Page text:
What is a Science Industry Maintenance Technician?

A science industry maintenance technician helps to ensure creation and maintenance of safe operation of science industry plant through the installation, maintenance, testing and repair of mechanical, electrical equipment and instrumentation. This role requires proactivity to help find solutions to problems and identify areas where their working environment can be improved. As well as core engineering skills, maintenance technicians need to follow safe working practices, specific to this industry. Work varies, using specialist safety equipment, completing shift work and working on sites running 365 day operations.  

Science industry maintenance technicians work in a wide range of companies, including, but not exclusively, chemical, petrochemical, polymer, primary and secondary pharmaceutical, biotechnology, formulated products, engineering and nuclear manufacturing.

What Skills Do You Need?

Achieved a minimum of Grade C at Level 2 (GCSE) in:

  • English
  • Mathematics
  • Any Science Technology Engineering Mathematics (STEM) subject.

What Skills Are Desirable?

  • Strong Communication – You will be working with various stakeholders, therefore communicating effectively using a full range of skills will be required: Speaking, Listening, Writing, Body Language and Presentation.
  • Teamwork – Ensuring you are a team player, working effectively as part of your team.
  • Independence – The ability to take responsibility for your own work.
  • Proactivity – Initiating and completing tasks at work.
  • Awareness – Understanding of the impact your work on others.
  • Time Management – Ensuring work is completed on schedule and to an excellent standard.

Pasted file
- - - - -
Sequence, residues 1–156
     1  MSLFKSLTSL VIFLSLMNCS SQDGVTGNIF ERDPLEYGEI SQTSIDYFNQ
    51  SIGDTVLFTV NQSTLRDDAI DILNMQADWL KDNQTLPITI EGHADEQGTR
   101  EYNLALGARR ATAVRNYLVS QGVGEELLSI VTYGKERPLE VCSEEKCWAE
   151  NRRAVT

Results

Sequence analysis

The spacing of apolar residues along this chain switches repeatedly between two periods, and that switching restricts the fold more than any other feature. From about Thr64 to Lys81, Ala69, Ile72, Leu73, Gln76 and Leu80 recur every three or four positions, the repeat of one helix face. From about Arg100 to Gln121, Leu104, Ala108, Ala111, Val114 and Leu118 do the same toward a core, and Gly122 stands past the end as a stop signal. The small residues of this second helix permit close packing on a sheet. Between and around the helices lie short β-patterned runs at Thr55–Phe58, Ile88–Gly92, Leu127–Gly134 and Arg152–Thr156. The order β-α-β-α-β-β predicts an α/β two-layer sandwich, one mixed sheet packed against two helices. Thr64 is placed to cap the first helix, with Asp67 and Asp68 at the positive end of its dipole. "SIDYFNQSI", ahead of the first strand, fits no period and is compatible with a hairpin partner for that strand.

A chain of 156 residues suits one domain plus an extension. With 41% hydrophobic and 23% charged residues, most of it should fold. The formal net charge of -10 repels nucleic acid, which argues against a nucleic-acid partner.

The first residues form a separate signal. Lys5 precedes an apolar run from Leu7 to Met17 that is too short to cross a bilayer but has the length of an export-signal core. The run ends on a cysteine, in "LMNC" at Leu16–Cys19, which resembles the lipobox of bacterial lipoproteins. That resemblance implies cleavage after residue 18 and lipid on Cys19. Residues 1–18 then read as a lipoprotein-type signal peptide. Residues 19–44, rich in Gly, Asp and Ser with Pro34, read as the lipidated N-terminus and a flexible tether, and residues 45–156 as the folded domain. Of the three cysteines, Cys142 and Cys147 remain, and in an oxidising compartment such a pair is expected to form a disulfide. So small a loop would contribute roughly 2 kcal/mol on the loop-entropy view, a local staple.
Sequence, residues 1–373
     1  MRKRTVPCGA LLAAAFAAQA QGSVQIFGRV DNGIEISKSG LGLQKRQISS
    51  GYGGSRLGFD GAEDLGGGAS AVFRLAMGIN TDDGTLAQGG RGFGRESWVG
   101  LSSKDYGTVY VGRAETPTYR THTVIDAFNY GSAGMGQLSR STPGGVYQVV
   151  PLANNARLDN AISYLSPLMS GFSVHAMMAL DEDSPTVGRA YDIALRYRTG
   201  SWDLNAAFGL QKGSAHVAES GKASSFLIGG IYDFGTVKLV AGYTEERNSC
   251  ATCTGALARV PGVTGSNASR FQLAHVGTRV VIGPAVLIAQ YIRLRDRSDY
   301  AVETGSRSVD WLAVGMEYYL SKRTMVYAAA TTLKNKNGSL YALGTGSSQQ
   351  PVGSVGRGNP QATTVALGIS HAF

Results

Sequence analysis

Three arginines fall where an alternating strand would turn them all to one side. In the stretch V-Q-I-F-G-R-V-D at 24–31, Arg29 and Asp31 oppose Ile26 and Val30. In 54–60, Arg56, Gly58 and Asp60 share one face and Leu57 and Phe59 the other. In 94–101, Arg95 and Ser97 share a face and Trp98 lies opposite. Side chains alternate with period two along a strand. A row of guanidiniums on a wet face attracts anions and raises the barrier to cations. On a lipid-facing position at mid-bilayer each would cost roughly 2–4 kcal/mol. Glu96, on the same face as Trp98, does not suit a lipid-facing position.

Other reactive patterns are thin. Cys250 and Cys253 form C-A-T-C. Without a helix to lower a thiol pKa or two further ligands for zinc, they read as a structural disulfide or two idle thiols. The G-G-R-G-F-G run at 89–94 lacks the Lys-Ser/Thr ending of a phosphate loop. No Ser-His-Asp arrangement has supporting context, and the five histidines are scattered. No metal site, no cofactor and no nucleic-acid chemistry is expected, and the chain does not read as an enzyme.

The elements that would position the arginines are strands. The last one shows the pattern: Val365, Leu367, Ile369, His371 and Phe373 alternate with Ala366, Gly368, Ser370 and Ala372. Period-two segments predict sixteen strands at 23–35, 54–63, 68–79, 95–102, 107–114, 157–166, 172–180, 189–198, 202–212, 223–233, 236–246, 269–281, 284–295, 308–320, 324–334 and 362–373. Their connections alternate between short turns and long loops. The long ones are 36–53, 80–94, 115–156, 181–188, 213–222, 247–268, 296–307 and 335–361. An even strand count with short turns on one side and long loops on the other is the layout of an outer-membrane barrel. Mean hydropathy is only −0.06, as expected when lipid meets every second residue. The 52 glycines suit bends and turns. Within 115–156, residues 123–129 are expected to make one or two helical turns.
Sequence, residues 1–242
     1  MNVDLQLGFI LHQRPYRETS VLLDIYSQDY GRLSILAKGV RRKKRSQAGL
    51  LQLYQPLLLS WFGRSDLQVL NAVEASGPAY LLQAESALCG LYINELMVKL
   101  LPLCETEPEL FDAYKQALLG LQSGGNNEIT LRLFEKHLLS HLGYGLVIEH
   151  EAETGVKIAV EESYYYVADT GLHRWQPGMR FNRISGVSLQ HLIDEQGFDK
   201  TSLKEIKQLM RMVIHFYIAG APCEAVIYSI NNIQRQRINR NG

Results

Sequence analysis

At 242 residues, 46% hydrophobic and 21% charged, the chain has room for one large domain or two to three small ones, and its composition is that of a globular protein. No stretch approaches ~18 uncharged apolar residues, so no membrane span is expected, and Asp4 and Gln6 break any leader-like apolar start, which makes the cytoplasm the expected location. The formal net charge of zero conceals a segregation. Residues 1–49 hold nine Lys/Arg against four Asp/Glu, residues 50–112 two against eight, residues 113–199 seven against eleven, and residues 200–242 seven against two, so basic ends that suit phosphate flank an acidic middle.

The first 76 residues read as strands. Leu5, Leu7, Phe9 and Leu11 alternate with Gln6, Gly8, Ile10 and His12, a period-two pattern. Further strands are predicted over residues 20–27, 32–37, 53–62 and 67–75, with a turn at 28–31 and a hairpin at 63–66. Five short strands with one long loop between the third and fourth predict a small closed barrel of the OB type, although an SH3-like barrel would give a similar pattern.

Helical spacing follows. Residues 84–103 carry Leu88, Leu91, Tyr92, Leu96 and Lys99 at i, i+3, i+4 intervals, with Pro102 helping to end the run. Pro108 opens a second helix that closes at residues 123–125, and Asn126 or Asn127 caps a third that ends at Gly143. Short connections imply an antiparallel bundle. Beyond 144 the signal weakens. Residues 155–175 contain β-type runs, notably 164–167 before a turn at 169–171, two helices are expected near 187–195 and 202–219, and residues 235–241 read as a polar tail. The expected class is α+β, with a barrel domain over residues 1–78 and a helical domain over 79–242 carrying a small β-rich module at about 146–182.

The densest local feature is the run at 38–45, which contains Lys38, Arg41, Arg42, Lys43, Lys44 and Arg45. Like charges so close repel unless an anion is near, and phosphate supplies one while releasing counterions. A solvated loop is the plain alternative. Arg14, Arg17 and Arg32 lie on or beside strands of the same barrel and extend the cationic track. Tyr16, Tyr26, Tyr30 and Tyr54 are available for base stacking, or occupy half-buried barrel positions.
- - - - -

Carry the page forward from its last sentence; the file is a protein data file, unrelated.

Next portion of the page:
• Adaptability – To be able to react to change in a positive manner.
  • Perseverance – Pursue excellence in the face of adversity.
  • Willingness To Learn! – Someone who is motivated to improve.

What Skills Will You Gain?

  • Understand and follow internal and external regulatory procedures in order to meet the quality standards set out by both your employer and the industry regulators.
  • Understand your business’s Goals and Objectives. Taking into account your own role within the organisation and how you can help to meet those objectives.
  • Maintaining systems and equipment that are relevant to your discipline, whilst following regulatory procedures (or multiple if required by your job role).
  • Apply techniques to identify and solve problems before they can arise, this applies to all aspects of the job role. (This can include systems, components, and inter-personal relations)
  • Understand and display relevant technical knowledge within your discipline.
  • Understanding how to identify end of life issues with equipment.
  • Understand and apply information taken from briefs, engineering documents, specifications, manuals and databases.
  • Input and interpret data accurately and efficiently.

Why Should You Apply?

  • This apprenticeship takes place over a minimum of 36 months, where you will learn valuable skills from your paid employment whilst receiving the specialist training from your Apprenticeship provider.